■ Mr. James Gianotti, 2 Woodchester Road, wonders why there is a Master Plan as it seems every month some zoning is being changed or amended. There was no evidence given that this conforms to the Master Plan. He stated the proposed project area is a natural path for many animals from the forest. If these houses are put in the pathway, they should just close the forest as there will be nothing in there. Is this the legacy you really want to leave your children and grandchildren with row housing in every five or ten acres? 

End of Citizens’ Comments 

■ Ms. Pellegri stated she agrees with everything the citizens have been saying. We as councilors are elected to look out for the best interest of the Town of Franklin, not an applicant; decisions should be made on what is best for the town. They have the right to build seven houses, why would we ever want to allow 34 houses? It is a strain on water,  sewer, schools, and traffic.

We must look out for the Town of Franklin. We open the doors for others to come forward. There is only one pro, and that is for the applicant. There is nothing else. 

■ Mr. Dellorco asked about the sewer main and if the neighbors had to be notified? Has anyone done a traffic study? What is the percentage of 40Bs?

■ Mr. Nutting stated the sewer and water mains would have to be extended at the applicants cost. Current percentage of 40Bs is 9.35. There have been discussions about sidewalks, but that would be part of any application.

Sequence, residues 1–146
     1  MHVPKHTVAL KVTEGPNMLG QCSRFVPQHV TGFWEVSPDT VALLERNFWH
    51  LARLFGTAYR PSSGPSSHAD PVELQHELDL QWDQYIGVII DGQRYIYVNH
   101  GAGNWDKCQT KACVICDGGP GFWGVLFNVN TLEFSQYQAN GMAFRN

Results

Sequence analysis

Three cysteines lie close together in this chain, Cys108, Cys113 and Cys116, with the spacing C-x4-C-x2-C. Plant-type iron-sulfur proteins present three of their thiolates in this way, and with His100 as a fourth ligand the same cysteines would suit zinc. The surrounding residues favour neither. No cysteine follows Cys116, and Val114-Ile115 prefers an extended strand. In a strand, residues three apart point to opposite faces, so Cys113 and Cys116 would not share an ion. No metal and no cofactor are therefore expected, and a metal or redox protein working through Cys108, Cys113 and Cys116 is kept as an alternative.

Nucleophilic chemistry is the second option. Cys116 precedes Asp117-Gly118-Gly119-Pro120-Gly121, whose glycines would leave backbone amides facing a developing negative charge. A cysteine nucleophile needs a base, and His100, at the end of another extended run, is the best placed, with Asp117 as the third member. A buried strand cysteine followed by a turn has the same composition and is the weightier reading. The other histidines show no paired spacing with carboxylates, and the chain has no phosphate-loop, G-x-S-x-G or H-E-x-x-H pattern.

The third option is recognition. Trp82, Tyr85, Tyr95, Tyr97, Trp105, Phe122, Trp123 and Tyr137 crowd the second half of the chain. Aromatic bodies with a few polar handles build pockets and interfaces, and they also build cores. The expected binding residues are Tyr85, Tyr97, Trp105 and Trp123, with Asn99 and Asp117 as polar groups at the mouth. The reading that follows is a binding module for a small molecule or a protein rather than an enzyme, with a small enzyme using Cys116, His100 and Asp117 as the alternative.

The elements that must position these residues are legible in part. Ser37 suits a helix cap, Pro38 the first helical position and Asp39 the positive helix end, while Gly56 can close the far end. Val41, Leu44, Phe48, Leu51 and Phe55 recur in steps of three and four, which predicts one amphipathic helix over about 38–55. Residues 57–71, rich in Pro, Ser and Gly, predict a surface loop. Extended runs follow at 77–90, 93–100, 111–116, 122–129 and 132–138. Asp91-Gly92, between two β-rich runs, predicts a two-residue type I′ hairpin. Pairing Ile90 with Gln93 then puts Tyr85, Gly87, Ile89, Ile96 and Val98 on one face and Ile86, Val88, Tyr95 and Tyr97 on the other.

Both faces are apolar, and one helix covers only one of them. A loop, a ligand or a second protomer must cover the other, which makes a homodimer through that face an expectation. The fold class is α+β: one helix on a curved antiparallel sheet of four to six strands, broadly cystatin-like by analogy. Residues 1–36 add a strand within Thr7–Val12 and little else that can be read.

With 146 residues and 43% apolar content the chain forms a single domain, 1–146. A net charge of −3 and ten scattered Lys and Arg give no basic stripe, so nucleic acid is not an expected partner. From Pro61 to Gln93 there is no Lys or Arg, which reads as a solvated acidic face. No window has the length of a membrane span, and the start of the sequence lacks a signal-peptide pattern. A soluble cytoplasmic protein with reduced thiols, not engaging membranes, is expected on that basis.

■ Mr. Cerel stated that if it were rezoned and they applied for a special permit, then neighbors would have to be notified; there is no requirement for notification of a rezoning. 

■ Mr. Tayara stated they are applying for three-bedrooms because the demographic they are looking to attract is people who will use those homes as lifetime homes and multi-generational homes. At an all-time high for college kids returning to live with parents. 

■ Mr. Padula asked Mr. Cornetta about the sidewalk. 

■ Mr. Cornetta said there have been discussions, but they are preliminary until they get through this first step and to the special permit phase of the project. 

■ Ms. Pfeffer stated she is in favor of manageable affordable housing. With 11 acres, there could be 120 affordable housing units there with no control over. The devil you know is better than the devil you don’t know. These will be 34 high-end homes and probably not too many children. She stated she was going to vote for this. 

■ Mr. Mercer had similar concerns to those of Mr. Padula. If this goes forward and they return there will be issues he will want to strongly comment on.

■ Mr. Padula noted that the Planning Board approved this unanimously. 40B is a consideration. The Master Plan does call for cluster housing. He does not see it as spot zoning; he is in favor of the project. 

MOTION to Close the public hearing by Mercer. 
SECOND by Padula. No discussion. 
► VOTE: Yes-8, No-0. (Bissanti - recused)

The full agenda for the Town Council meeting Weds, Jan 18 can be found here

The Franklin Matters notes for the Dec 21 meeting can be found here

The Franklin TV video of the meeting can be replayed here

On Summer St, at the entrance to the Town Forest. Some of the land where the  trees are would be were the development in question would be positioned.
On Summer St, at the entrance to the Town Forest. Some of the land where the 
trees are would be were the development in question would be positioned.